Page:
(Bloomberg) -- Tesla Inc.’s Autopilot was not in use during the 2021 crash of a Model S vehicle in Texas that killed two people, the National Transportation Safety Board found, clearing the controversial system that remains under scrutiny by regulators in other accidents.

The crash outside Houston was likely caused by “excessive speed” and a loss of control by the driver due to “alcohol intoxication in combination with the effects of two sedating antihistamines,” the agency said in a report.

“On-scene exemplar vehicle testing confirmed the manufacturer-provided information that the car’s Autopilot feature could not have been engaged on the roadway where the crash occurred, due to the lack of lane markings,” the NTSB said.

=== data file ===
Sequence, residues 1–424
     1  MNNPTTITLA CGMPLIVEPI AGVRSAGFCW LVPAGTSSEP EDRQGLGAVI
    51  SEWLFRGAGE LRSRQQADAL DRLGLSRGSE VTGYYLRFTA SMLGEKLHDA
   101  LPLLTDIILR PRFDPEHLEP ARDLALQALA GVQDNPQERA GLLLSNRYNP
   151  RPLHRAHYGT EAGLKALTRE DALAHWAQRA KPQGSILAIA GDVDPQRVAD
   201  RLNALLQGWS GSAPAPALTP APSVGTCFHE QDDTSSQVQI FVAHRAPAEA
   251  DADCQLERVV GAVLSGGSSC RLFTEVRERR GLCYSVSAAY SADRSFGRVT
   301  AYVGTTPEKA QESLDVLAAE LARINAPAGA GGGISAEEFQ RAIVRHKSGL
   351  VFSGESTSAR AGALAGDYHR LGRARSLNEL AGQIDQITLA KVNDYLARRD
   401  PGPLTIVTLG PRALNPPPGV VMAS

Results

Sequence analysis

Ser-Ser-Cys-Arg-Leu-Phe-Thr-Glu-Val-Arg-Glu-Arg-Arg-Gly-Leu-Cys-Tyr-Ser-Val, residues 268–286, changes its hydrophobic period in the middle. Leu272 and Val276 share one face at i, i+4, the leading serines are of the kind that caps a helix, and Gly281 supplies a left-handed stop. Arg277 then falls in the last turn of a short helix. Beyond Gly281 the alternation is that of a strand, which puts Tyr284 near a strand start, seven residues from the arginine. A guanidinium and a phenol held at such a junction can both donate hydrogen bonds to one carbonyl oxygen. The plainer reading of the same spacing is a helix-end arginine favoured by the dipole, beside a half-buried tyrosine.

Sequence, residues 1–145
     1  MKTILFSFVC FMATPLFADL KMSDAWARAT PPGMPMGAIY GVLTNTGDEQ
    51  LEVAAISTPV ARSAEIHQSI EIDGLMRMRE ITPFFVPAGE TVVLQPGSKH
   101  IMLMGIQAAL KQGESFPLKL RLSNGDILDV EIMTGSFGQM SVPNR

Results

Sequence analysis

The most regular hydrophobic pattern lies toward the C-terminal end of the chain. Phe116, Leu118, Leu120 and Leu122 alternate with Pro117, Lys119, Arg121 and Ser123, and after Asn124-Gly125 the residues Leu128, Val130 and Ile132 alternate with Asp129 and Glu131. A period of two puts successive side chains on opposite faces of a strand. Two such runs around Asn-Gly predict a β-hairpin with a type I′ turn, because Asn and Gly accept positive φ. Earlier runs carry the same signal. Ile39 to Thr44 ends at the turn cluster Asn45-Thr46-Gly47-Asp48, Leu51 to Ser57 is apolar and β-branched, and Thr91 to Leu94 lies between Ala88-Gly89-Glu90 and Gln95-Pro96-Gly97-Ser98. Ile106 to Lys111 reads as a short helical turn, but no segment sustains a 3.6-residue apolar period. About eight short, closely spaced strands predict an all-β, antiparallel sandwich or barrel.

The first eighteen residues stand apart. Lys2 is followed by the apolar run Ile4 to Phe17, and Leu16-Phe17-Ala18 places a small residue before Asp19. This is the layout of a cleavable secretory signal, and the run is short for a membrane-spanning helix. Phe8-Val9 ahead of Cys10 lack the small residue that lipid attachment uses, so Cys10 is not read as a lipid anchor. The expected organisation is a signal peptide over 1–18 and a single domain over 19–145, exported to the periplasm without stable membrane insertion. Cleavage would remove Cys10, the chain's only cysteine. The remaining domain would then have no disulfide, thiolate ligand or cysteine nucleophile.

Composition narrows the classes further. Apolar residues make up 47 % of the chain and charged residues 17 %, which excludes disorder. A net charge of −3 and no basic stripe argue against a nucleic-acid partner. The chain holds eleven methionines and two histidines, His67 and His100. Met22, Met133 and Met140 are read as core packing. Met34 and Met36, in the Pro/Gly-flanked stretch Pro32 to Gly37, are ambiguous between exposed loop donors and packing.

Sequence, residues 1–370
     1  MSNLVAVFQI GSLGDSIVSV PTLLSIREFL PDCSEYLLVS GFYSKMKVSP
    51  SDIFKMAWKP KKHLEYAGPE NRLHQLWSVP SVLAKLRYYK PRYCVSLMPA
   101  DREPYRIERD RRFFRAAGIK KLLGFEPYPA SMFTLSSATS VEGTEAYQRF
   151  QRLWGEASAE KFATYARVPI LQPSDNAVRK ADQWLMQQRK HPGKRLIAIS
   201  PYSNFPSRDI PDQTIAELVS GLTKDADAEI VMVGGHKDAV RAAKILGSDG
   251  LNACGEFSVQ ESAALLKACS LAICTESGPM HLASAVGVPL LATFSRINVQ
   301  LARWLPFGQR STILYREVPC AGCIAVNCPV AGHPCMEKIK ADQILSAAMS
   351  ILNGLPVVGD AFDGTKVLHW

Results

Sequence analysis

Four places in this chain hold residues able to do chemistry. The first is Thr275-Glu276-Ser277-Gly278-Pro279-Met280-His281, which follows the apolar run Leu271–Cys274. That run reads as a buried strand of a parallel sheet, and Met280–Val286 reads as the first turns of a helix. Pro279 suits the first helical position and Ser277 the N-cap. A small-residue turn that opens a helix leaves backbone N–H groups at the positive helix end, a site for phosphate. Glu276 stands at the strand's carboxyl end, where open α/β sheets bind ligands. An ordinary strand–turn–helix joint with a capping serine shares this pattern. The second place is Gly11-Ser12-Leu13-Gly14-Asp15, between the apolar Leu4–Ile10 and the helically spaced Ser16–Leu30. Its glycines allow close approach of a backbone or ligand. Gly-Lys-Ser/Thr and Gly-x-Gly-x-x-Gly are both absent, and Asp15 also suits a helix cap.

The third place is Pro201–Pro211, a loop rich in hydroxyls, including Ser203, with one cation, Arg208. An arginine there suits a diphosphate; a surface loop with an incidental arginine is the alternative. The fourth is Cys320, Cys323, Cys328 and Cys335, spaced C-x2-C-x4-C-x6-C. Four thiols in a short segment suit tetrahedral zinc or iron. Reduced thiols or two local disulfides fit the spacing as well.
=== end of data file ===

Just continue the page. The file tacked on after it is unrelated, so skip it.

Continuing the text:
The findings confirm a 2021 Bloomberg report that the Tesla owner had almost twice his state’s legal limit of alcohol in his system, according to an autopsy report.

The gruesome deaths of anesthesiologist William Varner, 59, and Everette Talbot, 69, drew widespread attention because first responders found the driver’s seat was unoccupied. Initial comments from local police said that “no one” was driving, prompting speculation that the vehicle’s automation system may have been engaged.

--With assistance from Dana Hull and Alan Levin.

©2023 Bloomberg L.P.